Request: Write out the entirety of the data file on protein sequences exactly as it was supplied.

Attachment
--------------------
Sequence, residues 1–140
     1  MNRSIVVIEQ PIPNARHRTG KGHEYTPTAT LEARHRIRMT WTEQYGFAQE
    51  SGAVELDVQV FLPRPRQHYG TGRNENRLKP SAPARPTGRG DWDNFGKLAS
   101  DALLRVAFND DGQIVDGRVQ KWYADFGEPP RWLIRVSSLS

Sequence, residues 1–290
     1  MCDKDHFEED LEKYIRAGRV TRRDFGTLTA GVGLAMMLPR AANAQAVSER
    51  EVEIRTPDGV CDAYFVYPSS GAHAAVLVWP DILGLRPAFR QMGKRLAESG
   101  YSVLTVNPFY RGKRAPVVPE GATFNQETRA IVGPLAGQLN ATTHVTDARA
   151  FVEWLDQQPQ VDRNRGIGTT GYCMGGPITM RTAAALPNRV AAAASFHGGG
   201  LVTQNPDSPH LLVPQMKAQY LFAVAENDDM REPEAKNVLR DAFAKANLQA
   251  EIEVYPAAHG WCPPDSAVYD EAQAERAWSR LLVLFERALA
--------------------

Sequence, residues 1–140
     1  MNRSIVVIEQ PIPNARHRTG KGHEYTPTAT LEARHRIRMT WTEQYGFAQE
    51  SGAVELDVQV FLPRPRQHYG TGRNENRLKP SAPARPTGRG DWDNFGKLAS
   101  DALLRVAFND DGQIVDGRVQ KWYADFGEPP RWLIRVSSLS

Sequence, residues 1–290
     1  MCDKDHFEED LEKYIRAGRV TRRDFGTLTA GVGLAMMLPR AANAQAVSER
    51  EVEIRTPDGV CDAYFVYPSS GAHAAVLVWP DILGLRPAFR QMGKRLAESG
   101  YSVLTVNPFY RGKRAPVVPE GATFNQETRA IVGPLAGQLN ATTHVTDARA
   151  FVEWLDQQPQ VDRNRGIGTT GYCMGGPITM RTAAALPNRV AAAASFHGGG
   201  LVTQNPDSPH LLVPQMKAQY LFAVAENDDM REPEAKNVLR DAFAKANLQA
   251  EIEVYPAAHG WCPPDSAVYD EAQAERAWSR LLVLFERALA